Sachin, a new inning

F i r s t   i n n i n g

This is a story of the days a long time ago. Inspired by one of the journals that my dear late father maintained, I had a habit of noting down the scorecard of every cricket match that India played. For more popular series, I scribbled all the scores and details on my self-binded diaries. (In school days, there were plenty of papers left unused from the school notebooks after the final examinations at the end of each year. I used to rip them off and made diaries out of these leftovers. I found another great use of these papers in making songbooks and other journals.)

    Beside the match scores, I used to save the details of every inning that Sachin Tendulkar played—runs he scored, number of balls he faced, his strike rate in a particular match, his overall stats and so forth.

    But it’s been around three years I have stopped watching cricket completely. I think it was when the 20-20 matches got going but 20-20 was not the reason why I turned myself away from the TV. I don’t know where that person in me who grew up playing and worshipping cricket has gone. It’s hard to believe the passion I had once for cricket had just vanished into thin air. I watched several test matches that last for five full days!  We participated in plenty of ‘tournaments’ in and around Imphal. I was in Class 9 when I organized a cricket tournament for children single handedly at our local playground. But the thrill is gone now. The 2011 World Cup is just around the corner but it seems I have already written its obituary. And I feel no sad.

S e c o n d   i n n i n g

This is now. Sachin Tendulkar got his name from Sachin Dev Burman, the legendary Bolywood music director. But a news on SD Burman quite disturbed me the other day. Just read that he was born to a Manipuri princess (who was married to a Bengali king from Tripura.) He was a musician par excellence—Ok, fine but what agitates me is the question on our roots that arises from a perceived, shared belief and a royal lineage.

    I have been firmly holding to my prejudice that we are different from the Hindus. Too arrogant and ignorant but I was born in a Hindu family with a Hindu name. (Please don’t tag me with a religion). I have also been brooking that our proselytization to this faith is one of the reasons why there is a big question on our identity today. And the resulting identity crisis wreaking havoc is common knowledge. But the news on SD Burman has evoked a new understanding of our society.

    Earlier the concept that the Shantidas Goswami-led missionary had hoodwinked the king of those days and had disarrayed the people’s thoughts made Hinduism so repulsive. Now it follows that the reality is as is: We are Hindus with thousands of ridiculous rites and rituals. Personal belief is another thing. I might go to a wedding wearing trousers, but it will create a rift if I wear it to my wedding. The harder I try to disconnect ourselves, the stronger the tie it is becoming.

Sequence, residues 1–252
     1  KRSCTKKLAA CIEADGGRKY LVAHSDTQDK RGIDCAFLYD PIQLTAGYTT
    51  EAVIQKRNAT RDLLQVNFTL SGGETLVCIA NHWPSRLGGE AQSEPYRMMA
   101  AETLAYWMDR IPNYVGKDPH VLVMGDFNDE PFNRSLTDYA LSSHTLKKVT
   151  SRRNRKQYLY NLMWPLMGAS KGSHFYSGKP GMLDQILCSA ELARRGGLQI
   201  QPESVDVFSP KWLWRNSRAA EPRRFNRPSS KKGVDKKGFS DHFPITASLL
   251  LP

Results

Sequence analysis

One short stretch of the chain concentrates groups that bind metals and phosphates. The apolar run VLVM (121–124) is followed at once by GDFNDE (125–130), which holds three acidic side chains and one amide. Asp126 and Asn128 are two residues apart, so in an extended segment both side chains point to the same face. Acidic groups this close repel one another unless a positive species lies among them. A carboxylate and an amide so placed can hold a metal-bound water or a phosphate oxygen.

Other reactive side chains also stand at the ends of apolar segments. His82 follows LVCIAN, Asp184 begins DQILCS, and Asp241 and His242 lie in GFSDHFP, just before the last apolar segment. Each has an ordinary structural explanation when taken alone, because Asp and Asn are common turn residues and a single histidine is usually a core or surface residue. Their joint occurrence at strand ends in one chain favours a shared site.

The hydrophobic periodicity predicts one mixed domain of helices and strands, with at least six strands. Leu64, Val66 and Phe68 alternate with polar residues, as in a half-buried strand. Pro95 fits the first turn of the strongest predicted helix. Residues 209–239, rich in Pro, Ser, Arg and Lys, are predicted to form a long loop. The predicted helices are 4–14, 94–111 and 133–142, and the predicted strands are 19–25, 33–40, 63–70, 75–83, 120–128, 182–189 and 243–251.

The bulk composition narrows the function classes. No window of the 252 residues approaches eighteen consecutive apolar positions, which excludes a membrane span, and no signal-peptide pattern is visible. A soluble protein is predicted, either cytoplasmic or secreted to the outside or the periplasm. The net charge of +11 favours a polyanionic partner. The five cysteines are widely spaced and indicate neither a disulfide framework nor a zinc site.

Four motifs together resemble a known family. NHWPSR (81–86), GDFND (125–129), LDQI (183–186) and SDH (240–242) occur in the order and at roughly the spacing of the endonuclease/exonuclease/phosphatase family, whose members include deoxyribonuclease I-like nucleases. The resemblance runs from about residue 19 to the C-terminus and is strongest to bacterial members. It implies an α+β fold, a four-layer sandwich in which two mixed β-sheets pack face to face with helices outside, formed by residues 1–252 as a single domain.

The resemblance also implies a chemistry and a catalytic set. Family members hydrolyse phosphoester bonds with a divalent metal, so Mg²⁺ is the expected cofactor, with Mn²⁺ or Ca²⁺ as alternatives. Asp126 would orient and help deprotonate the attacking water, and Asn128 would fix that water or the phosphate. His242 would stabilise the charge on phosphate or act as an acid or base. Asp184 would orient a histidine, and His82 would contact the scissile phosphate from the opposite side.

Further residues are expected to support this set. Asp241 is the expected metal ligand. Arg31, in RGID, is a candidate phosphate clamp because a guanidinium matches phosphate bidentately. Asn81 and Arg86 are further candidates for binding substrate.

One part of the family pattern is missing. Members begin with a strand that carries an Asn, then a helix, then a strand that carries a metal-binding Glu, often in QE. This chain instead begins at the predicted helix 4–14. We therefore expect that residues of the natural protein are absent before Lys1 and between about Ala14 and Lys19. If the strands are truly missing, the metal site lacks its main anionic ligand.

Seemingly there are also many people who are real Manipuris and real Hindus simultaneously. That’s what SD Burman covertly meant to me, though he was—in no way—a Manipuri.

    Yet we don’t live in monarchy anymore. Conversion is so easy but the change of ideology is not. That’s why this issue matters a lot. The rites and rituals mark our birth, continue till our death; and only a devoted priest, who chants Sanskrit in a Burmese accent, can count how many more we will have to take part in a lifetime. This womb-to-tomb brainwash helps connect us to an imagined Aryan narrative, while we do away with our roots, while we dig deeper down the religious and societal pits. There is also a rising tension between the valley dwellers and hills people in Manipur. It was not dirty politics, but religion that first sowed the seed for this social misadventure. 

Only a logical, positive leap of faith and holistic socioeconomic development, in fact, can get us rid of the problem now.

    There would be many Manipuris who I might put them off by my profane attack on their Hindu beliefs but I’m sure they will agree we were not in the Mahabharat. There was a Manipur in it, but it was the real Manipur located inside the mainland that was mentioned in the epic. Ours is a fake. Shakespeare’s wrong—there are so many things in a name. Time’s high, though, to go beyond the name and start a new inning for Manipur. Tabula rasa!

    The good news, which follows is that the choice is ours. The bad news is we are still caught in some primitive
—er, medieval-age— problems when people on other side of the world are mooting to send more animals to other planets. It is embarrassing that we are spending our time on this issue, but hopefully it is worth it. At the end of the day, we have to take the responsibility for ourselves: we have the freedom to create. And we have the freedom to destroy too.




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